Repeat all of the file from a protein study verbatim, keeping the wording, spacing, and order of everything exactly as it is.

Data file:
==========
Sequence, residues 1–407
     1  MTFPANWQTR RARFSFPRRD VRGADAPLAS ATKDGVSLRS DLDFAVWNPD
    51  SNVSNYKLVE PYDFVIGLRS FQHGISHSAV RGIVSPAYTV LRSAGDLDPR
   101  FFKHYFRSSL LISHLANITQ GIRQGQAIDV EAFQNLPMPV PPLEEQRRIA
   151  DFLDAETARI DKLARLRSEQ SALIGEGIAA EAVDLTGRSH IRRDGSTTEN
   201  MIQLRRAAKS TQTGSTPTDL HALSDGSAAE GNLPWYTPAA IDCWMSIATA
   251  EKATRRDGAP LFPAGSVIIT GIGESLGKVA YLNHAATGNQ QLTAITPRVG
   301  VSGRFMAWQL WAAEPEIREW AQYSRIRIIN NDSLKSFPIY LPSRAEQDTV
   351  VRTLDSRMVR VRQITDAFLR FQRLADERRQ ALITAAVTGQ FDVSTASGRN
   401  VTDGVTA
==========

Sequence, residues 1–407
     1  MTFPANWQTR RARFSFPRRD VRGADAPLAS ATKDGVSLRS DLDFAVWNPD
    51  SNVSNYKLVE PYDFVIGLRS FQHGISHSAV RGIVSPAYTV LRSAGDLDPR
   101  FFKHYFRSSL LISHLANITQ GIRQGQAIDV EAFQNLPMPV PPLEEQRRIA
   151  DFLDAETARI DKLARLRSEQ SALIGEGIAA EAVDLTGRSH IRRDGSTTEN
   201  MIQLRRAAKS TQTGSTPTDL HALSDGSAAE GNLPWYTPAA IDCWMSIATA
   251  EKATRRDGAP LFPAGSVIIT GIGESLGKVA YLNHAATGNQ QLTAITPRVG
   301  VSGRFMAWQL WAAEPEIREW AQYSRIRIIN NDSLKSFPIY LPSRAEQDTV
   351  VRTLDSRMVR VRQITDAFLR FQRLADERRQ ALITAAVTGQ FDVSTASGRN
   401  VTDGVTA